The most common symptomatic vascular ring is the double aortic arch. This results from persistence of the right dorsal aorta. The right and left aortic arches encircle the trachea and esophagus. The right arch is larger than the left in about 75% of cases and typically higher as well. The aorta ascends from the heart and splits so that one arch travels anterior to the trachea and over the left main stem bronchus, while the other arch travels over the right main stem bronchus and posterior to the esophagus and trachea, at which point both branches join together to form the descending aorta. The double aortic arch thus forms a ring around the trachea and esophagus compressing both the trachea and esophagus to a variable degree. Tracheoesophageal compression will result in early symptoms with respiratory symptoms commencing typically in the first 3 months of life. This type of vascular ring is rarely associated with intracardiac defects.
Double aortic arch. Taken from: Yamamoto LG. Difficulty Breathing Throughout Infancy. In: Yamamoto LG, Inaba AS, DiMauro R (eds). Radiology Cases In Pediatric Emergency Medicine, 1999, volume 6, case 19. Available online at: www.hawaii.edu/medicine/pediatrics/pemxray/v6c19.html
The second most common vascular ring is the right aortic arch with aberrant left subclavian and a left ligamentum arteriosum. In this malformation, the aorta ascends from the heart anteriorly to the tracheal bifurcation, to arch over the right main stem bronchus. It then descends posterior to the esophagus and trachea. The left subclavian comes off the descending aorta. The ligamentum arteriosum (remnant of the ductus arteriosus) in this case typically originates from a bulbous dilation at the base of the left subclavian artery (the so-called diverticulum of Kommerell) and attaches to the left pulmonary artery. The trachea and esophagus are encircled by the ascending aorta anteriorly, the aortic arch on the right, the descending aorta posteriorly, and the ligamentum arteriosum and the left pulmonary artery on the left. This malformation results from persistence of the right dorsal aorta, regression of the left dorsal aorta and regression at the left 4th aortic arch. Due to the regression of the 4th arch, the left subclavian develops from the right descending aorta. 10% of this type of ring will have associated intracardiac defects.
Right sided aortic arch with aberrant (anomalous) left subclavian artery. Taken from: Yamamoto LG. Difficulty Breathing Throughout Infancy. In: Yamamoto LG, Inaba AS, DiMauro R (eds). Radiology Cases In Pediatric Emergency Medicine, 1999, volume 6, case 19. Available online at: www.hawaii.edu/medicine/pediatrics/pemxray/v6c19.html
A third type of vascular ring is the right aortic arch with mirror image (to the normal left aortic arch) branching vessels. It results from persistence of the right dorsal aorta and regression of the left dorsal aorta. A complete ring is formed only if the ductus arises from the upper descending aorta. If the ductus arises from the left subclavian artery, an incomplete ring is formed. This type of vascular ring has greater than 90% association with intracardiac defects. Of these, approximately 25% are Tetralogy of Fallot, 20% Double Outlet Right Ventricle (DORV) and 25% Truncus Arteriosus.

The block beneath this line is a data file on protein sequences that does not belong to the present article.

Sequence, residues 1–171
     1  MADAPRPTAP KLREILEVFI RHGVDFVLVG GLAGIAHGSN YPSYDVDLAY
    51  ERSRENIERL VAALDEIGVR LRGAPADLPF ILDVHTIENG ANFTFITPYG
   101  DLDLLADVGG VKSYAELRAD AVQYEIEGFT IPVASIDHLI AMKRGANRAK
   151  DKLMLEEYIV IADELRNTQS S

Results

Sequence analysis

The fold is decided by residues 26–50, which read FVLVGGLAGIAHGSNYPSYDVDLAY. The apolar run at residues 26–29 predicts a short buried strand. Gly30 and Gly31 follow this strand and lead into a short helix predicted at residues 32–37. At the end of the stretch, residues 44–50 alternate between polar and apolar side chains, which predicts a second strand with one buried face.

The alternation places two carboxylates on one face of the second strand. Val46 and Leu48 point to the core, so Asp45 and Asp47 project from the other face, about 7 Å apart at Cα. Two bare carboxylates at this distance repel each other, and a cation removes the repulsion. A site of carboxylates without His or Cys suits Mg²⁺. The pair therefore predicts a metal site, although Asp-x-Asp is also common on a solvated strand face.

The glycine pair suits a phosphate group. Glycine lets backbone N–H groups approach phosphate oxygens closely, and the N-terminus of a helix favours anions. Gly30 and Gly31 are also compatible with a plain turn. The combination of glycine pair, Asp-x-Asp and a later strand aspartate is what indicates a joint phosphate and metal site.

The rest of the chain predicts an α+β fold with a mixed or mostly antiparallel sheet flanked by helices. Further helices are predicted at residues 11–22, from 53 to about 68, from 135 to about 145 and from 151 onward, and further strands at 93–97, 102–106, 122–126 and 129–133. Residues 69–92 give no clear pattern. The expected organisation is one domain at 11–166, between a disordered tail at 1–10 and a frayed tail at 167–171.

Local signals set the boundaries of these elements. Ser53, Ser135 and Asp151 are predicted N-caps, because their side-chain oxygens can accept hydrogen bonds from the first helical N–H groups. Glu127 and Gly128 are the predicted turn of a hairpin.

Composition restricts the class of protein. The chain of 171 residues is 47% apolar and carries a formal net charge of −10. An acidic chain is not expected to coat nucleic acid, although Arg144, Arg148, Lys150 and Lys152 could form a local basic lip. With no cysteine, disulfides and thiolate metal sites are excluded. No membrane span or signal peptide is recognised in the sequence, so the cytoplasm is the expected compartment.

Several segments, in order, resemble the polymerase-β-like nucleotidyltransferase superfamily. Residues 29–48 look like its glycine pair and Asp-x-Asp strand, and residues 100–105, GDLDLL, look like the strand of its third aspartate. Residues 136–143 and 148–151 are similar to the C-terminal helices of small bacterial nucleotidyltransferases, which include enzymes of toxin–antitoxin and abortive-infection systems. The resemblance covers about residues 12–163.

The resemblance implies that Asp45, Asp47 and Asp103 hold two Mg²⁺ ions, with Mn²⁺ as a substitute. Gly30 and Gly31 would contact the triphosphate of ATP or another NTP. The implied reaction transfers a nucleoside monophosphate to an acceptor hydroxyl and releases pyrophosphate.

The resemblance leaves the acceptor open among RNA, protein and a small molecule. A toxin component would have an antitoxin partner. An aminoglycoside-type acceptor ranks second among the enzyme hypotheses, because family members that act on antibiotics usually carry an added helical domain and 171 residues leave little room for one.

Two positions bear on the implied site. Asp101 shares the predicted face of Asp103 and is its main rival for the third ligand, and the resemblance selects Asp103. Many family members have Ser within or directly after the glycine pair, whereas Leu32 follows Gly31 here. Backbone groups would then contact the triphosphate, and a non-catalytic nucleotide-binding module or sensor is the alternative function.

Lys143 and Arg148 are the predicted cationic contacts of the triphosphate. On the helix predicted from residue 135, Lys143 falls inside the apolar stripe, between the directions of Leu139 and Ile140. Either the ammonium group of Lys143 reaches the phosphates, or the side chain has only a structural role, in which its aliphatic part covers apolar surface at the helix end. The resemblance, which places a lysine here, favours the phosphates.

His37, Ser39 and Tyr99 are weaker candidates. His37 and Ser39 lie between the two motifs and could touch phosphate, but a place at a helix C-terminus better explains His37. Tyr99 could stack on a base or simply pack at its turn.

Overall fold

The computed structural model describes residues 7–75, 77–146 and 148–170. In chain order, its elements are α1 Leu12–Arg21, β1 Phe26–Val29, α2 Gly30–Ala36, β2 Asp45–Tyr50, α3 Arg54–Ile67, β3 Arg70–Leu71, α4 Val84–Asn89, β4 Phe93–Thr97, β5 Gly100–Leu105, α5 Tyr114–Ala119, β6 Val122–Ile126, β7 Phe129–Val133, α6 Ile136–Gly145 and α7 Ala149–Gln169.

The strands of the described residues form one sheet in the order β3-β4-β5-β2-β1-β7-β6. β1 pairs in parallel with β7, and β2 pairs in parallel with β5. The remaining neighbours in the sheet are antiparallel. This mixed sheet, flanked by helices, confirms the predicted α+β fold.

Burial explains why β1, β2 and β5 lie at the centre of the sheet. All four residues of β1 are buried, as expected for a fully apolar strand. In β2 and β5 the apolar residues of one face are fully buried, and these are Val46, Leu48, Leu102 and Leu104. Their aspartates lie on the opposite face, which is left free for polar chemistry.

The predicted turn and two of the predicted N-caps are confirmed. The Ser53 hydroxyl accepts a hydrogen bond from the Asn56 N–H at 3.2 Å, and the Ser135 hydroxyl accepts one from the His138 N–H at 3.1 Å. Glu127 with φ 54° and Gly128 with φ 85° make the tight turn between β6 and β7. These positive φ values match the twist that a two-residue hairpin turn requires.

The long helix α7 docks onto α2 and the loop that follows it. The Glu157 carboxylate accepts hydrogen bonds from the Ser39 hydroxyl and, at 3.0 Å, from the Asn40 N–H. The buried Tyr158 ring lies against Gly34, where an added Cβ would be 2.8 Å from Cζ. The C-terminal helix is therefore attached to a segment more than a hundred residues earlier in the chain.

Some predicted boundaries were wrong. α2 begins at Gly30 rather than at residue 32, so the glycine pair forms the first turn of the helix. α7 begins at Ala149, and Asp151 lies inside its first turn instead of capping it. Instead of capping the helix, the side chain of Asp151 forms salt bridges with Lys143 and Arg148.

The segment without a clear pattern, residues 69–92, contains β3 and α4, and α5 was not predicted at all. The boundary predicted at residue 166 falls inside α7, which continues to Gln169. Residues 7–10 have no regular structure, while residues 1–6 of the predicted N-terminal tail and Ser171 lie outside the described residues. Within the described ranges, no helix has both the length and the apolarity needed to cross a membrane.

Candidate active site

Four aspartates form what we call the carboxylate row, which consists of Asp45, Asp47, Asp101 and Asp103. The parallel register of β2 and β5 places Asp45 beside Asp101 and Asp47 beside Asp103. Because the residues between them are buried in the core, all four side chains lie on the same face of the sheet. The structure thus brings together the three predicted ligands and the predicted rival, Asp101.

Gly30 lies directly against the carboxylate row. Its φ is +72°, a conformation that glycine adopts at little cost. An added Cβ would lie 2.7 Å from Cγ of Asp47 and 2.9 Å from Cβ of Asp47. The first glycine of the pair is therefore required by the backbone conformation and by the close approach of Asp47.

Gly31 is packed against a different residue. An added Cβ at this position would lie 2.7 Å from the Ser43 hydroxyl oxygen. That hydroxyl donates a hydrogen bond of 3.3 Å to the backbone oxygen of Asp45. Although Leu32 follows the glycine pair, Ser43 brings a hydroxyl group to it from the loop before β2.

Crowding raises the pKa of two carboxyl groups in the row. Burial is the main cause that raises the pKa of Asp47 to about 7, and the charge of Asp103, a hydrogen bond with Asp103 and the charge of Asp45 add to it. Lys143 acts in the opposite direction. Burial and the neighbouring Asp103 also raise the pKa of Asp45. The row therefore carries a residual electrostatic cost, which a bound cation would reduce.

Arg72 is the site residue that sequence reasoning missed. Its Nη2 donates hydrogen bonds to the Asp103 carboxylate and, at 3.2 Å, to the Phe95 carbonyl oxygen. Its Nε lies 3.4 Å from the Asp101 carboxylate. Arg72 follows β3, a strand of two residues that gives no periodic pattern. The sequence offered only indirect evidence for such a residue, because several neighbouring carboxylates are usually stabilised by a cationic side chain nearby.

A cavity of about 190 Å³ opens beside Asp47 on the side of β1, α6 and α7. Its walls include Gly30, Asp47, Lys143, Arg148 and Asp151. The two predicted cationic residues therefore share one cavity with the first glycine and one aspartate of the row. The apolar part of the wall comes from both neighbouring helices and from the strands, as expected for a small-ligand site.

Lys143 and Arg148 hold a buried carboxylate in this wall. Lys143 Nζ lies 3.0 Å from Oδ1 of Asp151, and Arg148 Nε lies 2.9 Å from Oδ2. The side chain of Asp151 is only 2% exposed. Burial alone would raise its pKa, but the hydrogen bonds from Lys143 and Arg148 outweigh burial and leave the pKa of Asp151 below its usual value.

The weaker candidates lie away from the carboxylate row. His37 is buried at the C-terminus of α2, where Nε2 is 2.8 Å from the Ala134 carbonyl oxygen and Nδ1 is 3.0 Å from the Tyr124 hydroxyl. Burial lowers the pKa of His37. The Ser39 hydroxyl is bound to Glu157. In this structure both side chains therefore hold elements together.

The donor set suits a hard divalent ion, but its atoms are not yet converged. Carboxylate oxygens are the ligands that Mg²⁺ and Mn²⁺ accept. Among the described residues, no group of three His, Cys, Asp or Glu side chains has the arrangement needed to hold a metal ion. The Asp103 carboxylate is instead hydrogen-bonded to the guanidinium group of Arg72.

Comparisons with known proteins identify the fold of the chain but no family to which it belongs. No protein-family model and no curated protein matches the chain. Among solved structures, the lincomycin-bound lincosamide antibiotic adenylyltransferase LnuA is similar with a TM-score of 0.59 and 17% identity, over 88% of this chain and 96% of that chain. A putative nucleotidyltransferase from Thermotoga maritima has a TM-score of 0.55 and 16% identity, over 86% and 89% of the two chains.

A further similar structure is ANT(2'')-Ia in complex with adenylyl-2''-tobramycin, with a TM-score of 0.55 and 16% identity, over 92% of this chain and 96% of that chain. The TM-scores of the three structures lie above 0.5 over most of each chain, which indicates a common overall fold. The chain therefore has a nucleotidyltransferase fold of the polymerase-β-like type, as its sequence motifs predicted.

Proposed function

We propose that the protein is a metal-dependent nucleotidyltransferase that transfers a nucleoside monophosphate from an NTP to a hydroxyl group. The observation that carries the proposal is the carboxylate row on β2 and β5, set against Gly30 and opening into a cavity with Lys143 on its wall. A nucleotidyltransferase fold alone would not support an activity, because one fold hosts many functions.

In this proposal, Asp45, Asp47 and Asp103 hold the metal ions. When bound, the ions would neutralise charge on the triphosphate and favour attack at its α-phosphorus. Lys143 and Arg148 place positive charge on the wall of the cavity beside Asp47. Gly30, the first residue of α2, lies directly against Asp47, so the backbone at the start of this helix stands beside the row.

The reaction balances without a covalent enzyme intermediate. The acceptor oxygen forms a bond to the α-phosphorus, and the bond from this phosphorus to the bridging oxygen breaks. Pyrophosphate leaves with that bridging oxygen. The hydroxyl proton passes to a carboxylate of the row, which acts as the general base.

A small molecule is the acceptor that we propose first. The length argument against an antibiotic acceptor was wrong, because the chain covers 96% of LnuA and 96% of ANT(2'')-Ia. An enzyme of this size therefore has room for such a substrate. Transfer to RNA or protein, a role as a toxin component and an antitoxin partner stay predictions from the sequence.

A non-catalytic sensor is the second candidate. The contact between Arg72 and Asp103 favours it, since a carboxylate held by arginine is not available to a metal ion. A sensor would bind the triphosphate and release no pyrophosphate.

A fourth type of vascular ring is the left aortic arch and aberrant right subclavian artery. This defect is the most common anomaly involving the aortic arch, but is usually asymptomatic. It results from the regression of the right 4th arch which normally develops into the proximal portion of the right subclavian. The right subclavian now arises as the last branch on the left aortic arch. The aberrant right subclavian travels posterior to the esophagus to the right side. This type of vascular ring is incomplete and symptoms are minimal. It is occasionally associated with dysphagia occurring in adolescents or adulthood. This lesion has an association with coarctation of the aorta.
A pulmonary sling is the left pulmonary artery arising from the right pulmonary artery. It is also known as anomalous pulmonary artery and results from regression/failure of development of the left pulmonary artery. As the lung buds on each side develop, the right pulmonary artery is stimulated to form collaterals to the left lung. The collaterals eventually enlarge to provide blood flow to the developing left lung, acting as the left pulmonary artery. The pulmonary artery travels between the trachea and esophagus on its course to the left side. 50% of these patients also have severe tracheobronchial anomalies such as tracheomalacia, stenosis, webs, complete tracheal cartilage rings called "O" rings (as opposed to the normal "C" cartilage rings) or long segmental stenosis. This anomaly is associated with intracardiac defects in 10-20% (most commonly ASD and VSD).
In the group of vascular rings and slings as a whole, respiratory symptoms predominate in the initial presentation. The severity of compression determines the severity of symptoms. 70-90% of patients will have respiratory symptoms. Stridor is present in almost all cases. Stridor may be more pronounced during feeding or activity. Wheezing, air trapping and hyperinflation are also common. Infants may have recurrent pneumonias. Double aortic arch, right aortic arch with left ligamentum arteriosum and anomalous pulmonary artery usually present early in infancy whereas left aortic arch/aberrant right subclavian artery may be clinically silent or present in adolescence/adulthood with dysphagia (so called dysphagia lusoria).
Symptoms of dysphagia are less common but 5-15 % of patients will have dysphagia as an isolated symptom initially. Dysphagia occurs because of posterior compression of the esophagus by the vascular ring. Symptoms include slow breast or bottle feeding, fatigue with feeding, frequent regurgitation and aspiration pneumonias. Often, the diagnosis is made only after solid foods are introduced and dysphagia symptoms are more pronounced.